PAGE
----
The mother of all quiches…. A homemade Quiche Lorraine is one of those things reserved for special occasions that puts store bought to shame. Surprise yourself with how easy it is to make a homemade quiche crust – or make life easy using frozen pastry or a pre prepared pie crust.
I can’t remember when I made my first quiche, but I can tell you for sure that it was a Quiche Lorraine. Because just as Pork Carnitas are the King of Taco Carts, Quiche Lorraine is surely the Queen of all savoury tarts.
Bacon. Surely it’s the bacon. I mean, how could a Zucchini Quiche possibly ever compete? 😉
Did you know…
This is not a REAL Quiche Lorraine. This is Quiche Lorraine as it is known outside of France. 🙂
As with many traditional dishes, once it leaves the country of origin, it tends to evolve. The filling for traditional Quiche Lorraine, very strictly speaking, is made only with bacon, eggs and cream/creme fraiche. If you add anything else to it, the French say it ain’t a Quiche Lorraine anymore! 😂
So basically, I break the rules and the French may be cursing me. But this is the Quiche Lorraine flavour that will be familiar to those who live outside of France, that I have always known and loved.
The onion adds more savoury flavour. I can’t help adding garlic to that – because when I sauté onion in butter, I add garlic like I’m on auto pilot.
As for adding cheese… I truly cannot image quiche without cheese. I have never had quiche without cheese!
Let’s talk pastry!!!
3 years ago when I first published this Quiche Lorraine recipe, I stated honestly that I usually make quiche with store bought frozen pastry.
Times have changed. Being a full time food blogger rather than a time poor corporate gal has brought a new appreciation for the beauty of homemade.
In the 5 years since I left corporate, I’ve had the luxury of more time to make and compare homemade pastry to store bought. And there is simply no comparison.
Homemade is buttery and flaky in a way that store bought never will be.
And the thing is – it’s so darn easy using a food processor. The dough comes together in mere minutes – flour, butter, salt, water, blitz = ball of soft dough ready for baking.
After chilling. 🙂 Chill = butter in dough firms up again = the flaky quiche crust you know and love.
It’s really hard to capture how buttery and flaky the homemade shortcrust pastry is in a photo, but here’s my attempt. 🙂 The pastry is crispy yet soft enough for the fork to cut through with barely any effort. Just as shortcrust pastry should be!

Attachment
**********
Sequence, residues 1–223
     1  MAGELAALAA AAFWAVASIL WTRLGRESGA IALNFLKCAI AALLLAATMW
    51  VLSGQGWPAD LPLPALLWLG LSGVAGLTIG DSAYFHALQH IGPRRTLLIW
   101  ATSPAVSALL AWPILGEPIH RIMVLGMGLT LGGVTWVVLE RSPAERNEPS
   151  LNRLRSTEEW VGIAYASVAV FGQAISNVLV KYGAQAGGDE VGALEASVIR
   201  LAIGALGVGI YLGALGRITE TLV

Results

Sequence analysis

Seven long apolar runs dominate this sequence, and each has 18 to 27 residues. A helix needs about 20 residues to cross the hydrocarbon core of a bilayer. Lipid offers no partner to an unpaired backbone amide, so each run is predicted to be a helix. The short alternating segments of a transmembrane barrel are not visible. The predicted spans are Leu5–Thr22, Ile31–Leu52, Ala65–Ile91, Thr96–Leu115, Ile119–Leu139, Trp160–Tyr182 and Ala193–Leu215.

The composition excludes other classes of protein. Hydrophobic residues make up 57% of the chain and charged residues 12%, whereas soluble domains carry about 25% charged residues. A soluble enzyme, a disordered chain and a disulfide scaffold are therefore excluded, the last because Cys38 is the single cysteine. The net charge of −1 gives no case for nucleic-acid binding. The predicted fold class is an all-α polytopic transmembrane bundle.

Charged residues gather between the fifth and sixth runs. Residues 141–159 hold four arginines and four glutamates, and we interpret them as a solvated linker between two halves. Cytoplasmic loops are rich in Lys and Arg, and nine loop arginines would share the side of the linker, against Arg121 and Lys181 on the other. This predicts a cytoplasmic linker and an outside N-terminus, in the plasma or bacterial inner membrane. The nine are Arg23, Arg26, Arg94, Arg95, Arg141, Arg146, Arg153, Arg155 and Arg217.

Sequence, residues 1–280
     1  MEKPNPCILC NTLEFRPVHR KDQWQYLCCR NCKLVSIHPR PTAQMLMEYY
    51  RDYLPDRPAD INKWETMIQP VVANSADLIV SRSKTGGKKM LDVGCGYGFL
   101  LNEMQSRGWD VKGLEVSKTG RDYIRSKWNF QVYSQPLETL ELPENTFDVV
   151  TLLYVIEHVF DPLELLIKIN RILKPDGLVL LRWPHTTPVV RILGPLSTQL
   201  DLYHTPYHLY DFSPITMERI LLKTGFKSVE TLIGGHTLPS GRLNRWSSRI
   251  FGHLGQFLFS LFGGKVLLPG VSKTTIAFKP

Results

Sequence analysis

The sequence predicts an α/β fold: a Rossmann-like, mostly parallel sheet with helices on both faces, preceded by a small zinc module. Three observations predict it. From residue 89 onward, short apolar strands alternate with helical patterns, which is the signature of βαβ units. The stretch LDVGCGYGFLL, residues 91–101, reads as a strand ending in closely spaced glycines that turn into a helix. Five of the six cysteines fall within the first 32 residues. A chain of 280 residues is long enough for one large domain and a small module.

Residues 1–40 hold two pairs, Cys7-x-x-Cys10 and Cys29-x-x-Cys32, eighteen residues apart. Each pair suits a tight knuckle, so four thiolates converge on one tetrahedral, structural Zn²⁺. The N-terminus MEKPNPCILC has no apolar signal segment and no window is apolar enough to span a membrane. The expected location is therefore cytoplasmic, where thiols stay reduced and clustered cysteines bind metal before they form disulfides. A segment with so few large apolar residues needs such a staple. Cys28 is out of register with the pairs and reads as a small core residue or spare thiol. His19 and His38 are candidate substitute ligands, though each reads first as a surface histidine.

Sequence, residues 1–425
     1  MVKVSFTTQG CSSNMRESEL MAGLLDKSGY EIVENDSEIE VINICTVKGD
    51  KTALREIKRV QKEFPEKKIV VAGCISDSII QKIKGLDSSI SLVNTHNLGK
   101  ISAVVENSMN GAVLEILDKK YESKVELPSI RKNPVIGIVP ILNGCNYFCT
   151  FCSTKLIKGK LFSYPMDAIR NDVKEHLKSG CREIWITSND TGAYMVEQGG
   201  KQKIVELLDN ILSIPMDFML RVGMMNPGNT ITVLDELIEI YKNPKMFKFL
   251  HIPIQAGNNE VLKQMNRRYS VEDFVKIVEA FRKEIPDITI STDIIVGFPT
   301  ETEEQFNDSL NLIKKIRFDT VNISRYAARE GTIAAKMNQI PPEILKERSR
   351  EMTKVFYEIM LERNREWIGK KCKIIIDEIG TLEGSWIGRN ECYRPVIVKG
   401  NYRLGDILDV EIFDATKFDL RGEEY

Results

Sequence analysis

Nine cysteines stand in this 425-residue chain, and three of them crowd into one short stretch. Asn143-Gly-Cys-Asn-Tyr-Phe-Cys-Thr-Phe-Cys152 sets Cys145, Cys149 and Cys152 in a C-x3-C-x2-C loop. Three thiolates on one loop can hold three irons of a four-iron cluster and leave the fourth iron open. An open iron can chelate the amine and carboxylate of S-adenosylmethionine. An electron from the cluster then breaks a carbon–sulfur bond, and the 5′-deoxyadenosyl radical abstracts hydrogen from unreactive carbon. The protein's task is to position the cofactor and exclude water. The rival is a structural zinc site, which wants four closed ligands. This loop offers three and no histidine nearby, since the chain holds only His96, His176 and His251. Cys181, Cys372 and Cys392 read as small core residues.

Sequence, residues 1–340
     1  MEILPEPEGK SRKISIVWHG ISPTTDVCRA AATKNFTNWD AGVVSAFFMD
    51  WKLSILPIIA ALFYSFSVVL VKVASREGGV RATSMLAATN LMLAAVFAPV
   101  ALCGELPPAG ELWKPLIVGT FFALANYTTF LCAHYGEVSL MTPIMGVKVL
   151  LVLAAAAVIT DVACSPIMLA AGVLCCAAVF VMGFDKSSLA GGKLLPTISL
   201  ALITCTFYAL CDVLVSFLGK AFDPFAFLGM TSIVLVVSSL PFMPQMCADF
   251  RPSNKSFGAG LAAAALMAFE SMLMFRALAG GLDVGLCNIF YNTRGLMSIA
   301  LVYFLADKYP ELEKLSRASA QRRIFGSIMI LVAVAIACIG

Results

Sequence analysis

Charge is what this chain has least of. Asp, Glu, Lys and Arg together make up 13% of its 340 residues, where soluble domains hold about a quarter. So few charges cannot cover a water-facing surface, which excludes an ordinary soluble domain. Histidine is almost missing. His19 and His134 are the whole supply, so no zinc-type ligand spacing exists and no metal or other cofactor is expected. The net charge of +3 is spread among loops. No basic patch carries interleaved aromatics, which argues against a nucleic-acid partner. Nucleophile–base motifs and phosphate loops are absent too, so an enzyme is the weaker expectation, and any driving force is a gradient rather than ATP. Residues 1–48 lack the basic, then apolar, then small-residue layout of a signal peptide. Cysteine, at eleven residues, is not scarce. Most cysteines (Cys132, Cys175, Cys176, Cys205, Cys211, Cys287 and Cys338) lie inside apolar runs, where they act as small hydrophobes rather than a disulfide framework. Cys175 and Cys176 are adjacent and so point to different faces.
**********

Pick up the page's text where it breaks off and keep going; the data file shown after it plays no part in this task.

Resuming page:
So here is my Quiche Lorraine recipe. There have been minor improvements since I first published it, streamlining the steps and explaining them more clearly. Most notably, the addition of a recipe video which I hope shows how simply the homemade quiche crust is to make, and how beautifully custardy the filling is!
Happy weekend everyone! A great one for a brunch? With……QUICHE?? 😉 Oh…and I believe Mother’s Day is around the corner… 🤔 – Nagi x
PS Pictured below with this Kale and Quinoa Salad which I happened to have in the fridge because it’s one of the few salads I know that keeps well for days and days.
A classic Quiche Lorraine with a gorgeous smooth filling loaded with bacon. Make this with my EASY shortcrust pastry (recipe below) or use store bought - your choice! The measures in this recipe work with both US and metric (rest of world!) measures.
Quiche is a brilliant make ahead because it's one of those things that truly reheats well without compromise - see notes. Recipe VIDEO below.
- 1 quiche crust, homemade or store bought (see separate recipe below)
- 1 tbsp / 15g butter
- 1 garlic clove , minced
- 1/2 onion, finely chopped (~1/2 cup)
- 200 g / 6.5 oz bacon, cut into small strips (1.5 x 0.5cm / 2/3" x 1/5")
- 4 eggs (~55- 65g / 2 oz each)
- 300ml / 1 1/4 cups heavy cream (thickened cream) (Note 1)
- Pinch of salt & pepper
- 1 1/4 cups / 150g grated gruyere cheese (or tasty, cheddar, monterey jack)
- 50g / 2 oz bacon, chopped and cooked until golden
Make the quiche crust per the separate recipe below (also see video) or use frozen shortcrust pastry (recipe below) or a store bought pre cooked prepared pie crust.
Preheat oven to 200C/390F (standard) or 180C/350F (fan / convection).